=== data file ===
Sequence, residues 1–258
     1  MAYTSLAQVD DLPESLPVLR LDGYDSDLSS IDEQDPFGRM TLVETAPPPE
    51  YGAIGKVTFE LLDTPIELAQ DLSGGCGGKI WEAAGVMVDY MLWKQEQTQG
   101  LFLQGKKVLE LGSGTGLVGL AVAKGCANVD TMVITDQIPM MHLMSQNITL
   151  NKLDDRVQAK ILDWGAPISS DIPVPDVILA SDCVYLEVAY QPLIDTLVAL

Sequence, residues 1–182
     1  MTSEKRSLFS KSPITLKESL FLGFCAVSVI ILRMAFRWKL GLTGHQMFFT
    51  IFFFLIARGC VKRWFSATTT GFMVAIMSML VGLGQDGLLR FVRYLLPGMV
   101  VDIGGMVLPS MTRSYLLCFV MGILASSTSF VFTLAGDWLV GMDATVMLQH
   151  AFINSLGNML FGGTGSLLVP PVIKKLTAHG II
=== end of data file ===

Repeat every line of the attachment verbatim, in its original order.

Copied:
Sequence, residues 1–258
     1  MAYTSLAQVD DLPESLPVLR LDGYDSDLSS IDEQDPFGRM TLVETAPPPE
    51  YGAIGKVTFE LLDTPIELAQ DLSGGCGGKI WEAAGVMVDY MLWKQEQTQG
   101  LFLQGKKVLE LGSGTGLVGL AVAKGCANVD TMVITDQIPM MHLMSQNITL
   151  NKLDDRVQAK ILDWGAPISS DIPVPDVILA SDCVYLEVAY QPLIDTLVAL

Sequence, residues 1–182
     1  MTSEKRSLFS KSPITLKESL FLGFCAVSVI ILRMAFRWKL GLTGHQMFFT
    51  IFFFLIARGC VKRWFSATTT GFMVAIMSML VGLGQDGLLR FVRYLLPGMV
   101  VDIGGMVLPS MTRSYLLCFV MGILASSTSF VFTLAGDWLV GMDATVMLQH
   151  AFINSLGNML FGGTGSLLVP PVIKKLTAHG II